Rescuing Wastewater Facility Stranded Capacity

Finding “low-hanging fruit” at wastewater facilities to increase capacity and improve operational reliability can pay significant benefit by maintaining service levels without committing to large-scale capital expenditures.

“The key is seeking out inexpensive adjustments to current operating facilities that may allow postponing, changing, or eliminating major projects and expenditures,” said Bob Ohlund, PE, Dudek’s vice president for water and infrastructure.

“The best question an agency can ask itself is, ‘Before we abandon, reconstruct, or tear something down, is there additional value we can get from it?’” Ohlund said. “Reviewing assumptions and data is essential. It can be a relatively quick process that can produce immediate savings without the time lag involved in a master plan.”

Ohlund offers the following project examples:

Reuse, Not Disposal – The Dudek team worked Lee Lake Water District in Corona which was concerned with increasing cost of treating excess effluent to tertiary standards for permitted discharge into a stream. Dudek designed an option to achieve zero discharge to the stream by constructing percolation ponds on adjacent property, requiring only secondary treatment, and treating effluent to tertiary levels only when required to meet irrigation need sfor a golf course, landscape irrigation and dechlorinated tertiary fail-safe disposal to the stream. The long-term cost savings and avoidance were significant.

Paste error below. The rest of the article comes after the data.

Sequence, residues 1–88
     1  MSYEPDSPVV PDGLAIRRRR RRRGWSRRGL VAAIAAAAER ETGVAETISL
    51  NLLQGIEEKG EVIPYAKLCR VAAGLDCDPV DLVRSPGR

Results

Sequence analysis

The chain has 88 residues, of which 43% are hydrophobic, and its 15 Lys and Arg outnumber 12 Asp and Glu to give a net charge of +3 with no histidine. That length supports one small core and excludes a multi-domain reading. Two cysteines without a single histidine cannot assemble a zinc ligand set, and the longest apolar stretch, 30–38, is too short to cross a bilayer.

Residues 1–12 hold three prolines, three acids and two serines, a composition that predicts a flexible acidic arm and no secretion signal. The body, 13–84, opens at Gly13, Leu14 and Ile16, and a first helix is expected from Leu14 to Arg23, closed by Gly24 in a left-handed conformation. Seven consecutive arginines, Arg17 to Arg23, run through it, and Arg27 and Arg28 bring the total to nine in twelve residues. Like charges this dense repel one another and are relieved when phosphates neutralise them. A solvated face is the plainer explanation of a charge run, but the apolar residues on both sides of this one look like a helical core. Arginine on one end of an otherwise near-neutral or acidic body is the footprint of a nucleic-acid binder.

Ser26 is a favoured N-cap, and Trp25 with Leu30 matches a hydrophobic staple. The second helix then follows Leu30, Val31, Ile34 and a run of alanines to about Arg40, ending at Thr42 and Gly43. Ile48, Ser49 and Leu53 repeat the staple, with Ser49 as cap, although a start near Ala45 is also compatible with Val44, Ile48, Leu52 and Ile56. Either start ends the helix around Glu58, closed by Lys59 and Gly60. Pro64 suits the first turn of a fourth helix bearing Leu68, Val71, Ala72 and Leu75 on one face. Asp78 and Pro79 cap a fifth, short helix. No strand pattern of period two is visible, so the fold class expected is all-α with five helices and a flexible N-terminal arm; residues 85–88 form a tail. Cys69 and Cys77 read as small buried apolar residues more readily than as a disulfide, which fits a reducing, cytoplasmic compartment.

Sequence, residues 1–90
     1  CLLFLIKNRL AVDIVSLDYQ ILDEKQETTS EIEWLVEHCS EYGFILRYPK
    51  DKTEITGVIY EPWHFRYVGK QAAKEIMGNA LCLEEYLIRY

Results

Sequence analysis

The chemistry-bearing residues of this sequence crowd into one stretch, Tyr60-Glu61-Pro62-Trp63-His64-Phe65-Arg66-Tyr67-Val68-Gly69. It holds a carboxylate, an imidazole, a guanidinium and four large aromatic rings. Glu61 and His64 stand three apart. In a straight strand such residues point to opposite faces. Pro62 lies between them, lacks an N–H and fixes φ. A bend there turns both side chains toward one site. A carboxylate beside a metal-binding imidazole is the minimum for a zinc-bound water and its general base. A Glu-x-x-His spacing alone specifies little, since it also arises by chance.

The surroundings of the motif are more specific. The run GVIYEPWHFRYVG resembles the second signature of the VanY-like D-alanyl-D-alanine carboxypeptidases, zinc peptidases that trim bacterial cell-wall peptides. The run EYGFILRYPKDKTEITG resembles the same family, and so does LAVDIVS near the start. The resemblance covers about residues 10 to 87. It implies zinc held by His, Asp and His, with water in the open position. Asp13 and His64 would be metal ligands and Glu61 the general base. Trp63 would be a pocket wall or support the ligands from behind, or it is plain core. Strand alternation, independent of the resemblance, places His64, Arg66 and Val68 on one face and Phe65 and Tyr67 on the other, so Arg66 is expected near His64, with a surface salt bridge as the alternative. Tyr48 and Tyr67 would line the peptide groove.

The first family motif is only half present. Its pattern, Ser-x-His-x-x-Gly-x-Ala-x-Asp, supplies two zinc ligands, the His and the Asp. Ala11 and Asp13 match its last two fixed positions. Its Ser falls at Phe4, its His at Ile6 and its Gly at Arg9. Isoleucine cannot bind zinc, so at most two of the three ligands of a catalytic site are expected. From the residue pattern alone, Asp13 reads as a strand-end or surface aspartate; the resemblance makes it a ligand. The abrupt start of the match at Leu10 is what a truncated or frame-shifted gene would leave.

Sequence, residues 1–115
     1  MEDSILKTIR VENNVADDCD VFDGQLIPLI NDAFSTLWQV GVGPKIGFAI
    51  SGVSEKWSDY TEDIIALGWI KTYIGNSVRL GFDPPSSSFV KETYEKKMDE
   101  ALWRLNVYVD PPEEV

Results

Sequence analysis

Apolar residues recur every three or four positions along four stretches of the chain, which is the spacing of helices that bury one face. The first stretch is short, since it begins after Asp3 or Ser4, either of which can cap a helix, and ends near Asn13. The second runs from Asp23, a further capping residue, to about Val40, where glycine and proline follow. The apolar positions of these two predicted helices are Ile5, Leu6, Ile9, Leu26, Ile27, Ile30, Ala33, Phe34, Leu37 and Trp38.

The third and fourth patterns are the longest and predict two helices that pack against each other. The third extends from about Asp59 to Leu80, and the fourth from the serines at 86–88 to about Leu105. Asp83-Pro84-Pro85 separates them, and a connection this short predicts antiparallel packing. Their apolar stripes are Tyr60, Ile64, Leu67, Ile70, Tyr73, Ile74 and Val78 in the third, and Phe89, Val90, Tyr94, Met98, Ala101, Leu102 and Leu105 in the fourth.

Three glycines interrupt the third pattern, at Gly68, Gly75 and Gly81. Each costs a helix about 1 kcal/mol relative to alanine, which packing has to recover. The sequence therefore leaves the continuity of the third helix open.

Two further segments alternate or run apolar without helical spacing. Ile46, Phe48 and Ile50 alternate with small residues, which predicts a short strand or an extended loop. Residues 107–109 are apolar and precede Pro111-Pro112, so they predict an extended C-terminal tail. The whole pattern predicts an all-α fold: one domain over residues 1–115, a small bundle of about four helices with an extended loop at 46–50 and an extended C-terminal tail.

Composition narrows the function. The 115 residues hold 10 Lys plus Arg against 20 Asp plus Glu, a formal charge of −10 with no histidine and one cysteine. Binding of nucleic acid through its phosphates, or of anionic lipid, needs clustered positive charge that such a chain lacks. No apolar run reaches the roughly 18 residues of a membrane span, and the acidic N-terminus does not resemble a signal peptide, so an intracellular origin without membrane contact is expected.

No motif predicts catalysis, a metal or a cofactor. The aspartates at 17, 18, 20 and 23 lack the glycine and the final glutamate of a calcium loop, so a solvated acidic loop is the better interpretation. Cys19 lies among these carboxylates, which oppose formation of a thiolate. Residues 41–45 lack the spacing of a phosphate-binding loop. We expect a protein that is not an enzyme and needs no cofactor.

Stranded Capacity – A program run by Inland Empire Utilities Agency (IEUA) found excess capacity in treatment units that were underutilized or had flow restrictions. By testing and evaluating processes, the regulatory agencies could re-rate two regional plants to allow higher flows and avoid or postpone costly expansion projects.

Energy Savings – In addition to reusing digester gas and installing solar panels, IEUA’s team found that much of the recycled water was produced at their lower-elevation central plant and then pumped to higher elevations for use. At the same time, an upper-elevation plant near a major reuse market was bypassing flow downstream because of permitted redundancy restrictions.

IEUA obtained a “bubble” permit for the upper plant, establishing treatment redundancy at the under-utilized downstream central plant. IEUA can now produce recycled water at the higher zone plant and save significant, long-term pumping costs.